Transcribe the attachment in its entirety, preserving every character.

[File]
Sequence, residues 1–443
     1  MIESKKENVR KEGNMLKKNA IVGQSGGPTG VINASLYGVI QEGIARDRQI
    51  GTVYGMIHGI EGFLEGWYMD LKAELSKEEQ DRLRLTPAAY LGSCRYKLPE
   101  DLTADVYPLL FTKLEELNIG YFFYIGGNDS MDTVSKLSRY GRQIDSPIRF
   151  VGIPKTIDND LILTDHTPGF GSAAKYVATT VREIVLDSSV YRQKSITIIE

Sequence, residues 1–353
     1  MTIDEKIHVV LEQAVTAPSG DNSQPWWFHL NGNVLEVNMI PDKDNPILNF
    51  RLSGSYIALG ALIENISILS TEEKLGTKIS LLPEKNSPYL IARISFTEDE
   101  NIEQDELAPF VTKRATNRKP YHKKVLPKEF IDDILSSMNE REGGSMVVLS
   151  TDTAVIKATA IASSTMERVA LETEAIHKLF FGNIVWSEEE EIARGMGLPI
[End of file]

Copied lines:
Sequence, residues 1–443
     1  MIESKKENVR KEGNMLKKNA IVGQSGGPTG VINASLYGVI QEGIARDRQI
    51  GTVYGMIHGI EGFLEGWYMD LKAELSKEEQ DRLRLTPAAY LGSCRYKLPE
   101  DLTADVYPLL FTKLEELNIG YFFYIGGNDS MDTVSKLSRY GRQIDSPIRF
   151  VGIPKTIDND LILTDHTPGF GSAAKYVATT VREIVLDSSV YRQKSITIIE

Sequence, residues 1–353
     1  MTIDEKIHVV LEQAVTAPSG DNSQPWWFHL NGNVLEVNMI PDKDNPILNF
    51  RLSGSYIALG ALIENISILS TEEKLGTKIS LLPEKNSPYL IARISFTEDE
   101  NIEQDELAPF VTKRATNRKP YHKKVLPKEF IDDILSSMNE REGGSMVVLS
   151  TDTAVIKATA IASSTMERVA LETEAIHKLF FGNIVWSEEE EIARGMGLPI